Downtown districts of Japan’s larger cities are where you’ll find a host of slim towers, all appearing to compete for the same small section of real estate. It’s been commented that if Godzilla really does exist and decides to go on a rampage, he’ll have a grand old time playing dominoes with Japanese skylines.
(images via: Whooba and Chipple)
The two thin Tokyo buildings above show that it’s possible to look thin AND look good… at least, look different. The structure on the left saves interior space by mounting its staircase – a 10-story spiral staircase – on the exterior. I’m guess the penthouse isn’t the most expensive unit here. On the right we have a building that aims to look like it belongs in Paris but actually fits in better on a street in Rock Ridge… not the real Blazing Saddles town, the fake one made of plywood storefronts.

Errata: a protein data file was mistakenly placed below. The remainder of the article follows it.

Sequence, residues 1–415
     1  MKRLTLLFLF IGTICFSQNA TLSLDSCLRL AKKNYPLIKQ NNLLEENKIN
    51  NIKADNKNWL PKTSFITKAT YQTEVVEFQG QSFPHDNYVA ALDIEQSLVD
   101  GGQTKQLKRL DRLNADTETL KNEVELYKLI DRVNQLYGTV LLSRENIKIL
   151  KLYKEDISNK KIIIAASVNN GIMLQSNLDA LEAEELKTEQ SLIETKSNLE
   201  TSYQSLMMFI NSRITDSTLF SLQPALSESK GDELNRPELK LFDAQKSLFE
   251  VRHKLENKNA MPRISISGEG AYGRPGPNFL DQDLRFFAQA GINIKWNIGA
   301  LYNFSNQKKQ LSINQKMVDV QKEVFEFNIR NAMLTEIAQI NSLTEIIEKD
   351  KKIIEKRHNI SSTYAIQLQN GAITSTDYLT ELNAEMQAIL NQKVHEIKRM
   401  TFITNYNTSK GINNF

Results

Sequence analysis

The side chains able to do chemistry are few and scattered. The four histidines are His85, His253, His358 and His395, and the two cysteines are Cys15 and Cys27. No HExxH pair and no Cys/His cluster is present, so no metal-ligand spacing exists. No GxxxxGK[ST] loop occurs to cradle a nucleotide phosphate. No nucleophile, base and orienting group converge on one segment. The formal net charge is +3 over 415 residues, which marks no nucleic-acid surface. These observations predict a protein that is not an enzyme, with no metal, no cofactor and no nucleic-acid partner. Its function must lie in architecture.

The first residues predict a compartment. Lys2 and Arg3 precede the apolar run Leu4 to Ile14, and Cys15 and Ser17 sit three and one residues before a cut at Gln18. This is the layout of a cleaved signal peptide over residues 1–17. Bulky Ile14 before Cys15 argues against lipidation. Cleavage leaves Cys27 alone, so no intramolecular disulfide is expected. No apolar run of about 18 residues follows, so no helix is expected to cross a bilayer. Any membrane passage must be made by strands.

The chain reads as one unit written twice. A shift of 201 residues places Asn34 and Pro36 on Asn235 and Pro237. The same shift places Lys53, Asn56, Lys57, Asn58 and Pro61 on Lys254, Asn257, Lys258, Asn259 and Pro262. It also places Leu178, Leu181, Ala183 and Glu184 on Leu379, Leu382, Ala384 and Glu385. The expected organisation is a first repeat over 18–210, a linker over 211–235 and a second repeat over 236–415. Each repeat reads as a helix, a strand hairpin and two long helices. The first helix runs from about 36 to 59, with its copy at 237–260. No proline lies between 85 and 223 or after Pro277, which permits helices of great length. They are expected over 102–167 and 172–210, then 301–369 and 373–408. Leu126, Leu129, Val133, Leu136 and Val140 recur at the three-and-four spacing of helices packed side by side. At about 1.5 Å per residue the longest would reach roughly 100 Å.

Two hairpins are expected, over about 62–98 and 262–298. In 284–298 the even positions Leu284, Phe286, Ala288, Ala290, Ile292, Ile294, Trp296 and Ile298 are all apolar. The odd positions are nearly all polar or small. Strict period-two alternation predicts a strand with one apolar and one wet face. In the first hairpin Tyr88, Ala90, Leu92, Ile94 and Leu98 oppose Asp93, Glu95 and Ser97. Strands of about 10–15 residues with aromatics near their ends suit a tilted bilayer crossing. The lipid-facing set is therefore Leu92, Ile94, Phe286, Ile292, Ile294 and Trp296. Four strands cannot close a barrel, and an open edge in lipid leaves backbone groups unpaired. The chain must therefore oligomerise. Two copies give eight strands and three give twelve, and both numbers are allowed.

(images via: M.Terada)
Photographer M. Terada has posted a set of images taken of so-called “Pancake House” or “Kamenori (razor) House” buildings in the Osaka area. One of the more striking is shown above left, and appears to be a restaurant cheekily named “Try Angle”.
(images via: M.Terada)
Just like the cars of the Fabulous Fifties compared with those of today, a building can be extremely thin on the outside yet seem comfortable on the inside due to clever, ergonomic design. These buildings have got space to spare where it’s needed most – after all, our bodies aren’t shaped like squares, are they?
(image via: Bouncing Red Ball)
Umm, did someone say “ergonomics”? Maybe that just goes for the expensive, designer slim buildings. The run-of-the-mill, workaday thin buildings have to cut corners in areas some might feel are, well, a little too close for comfort.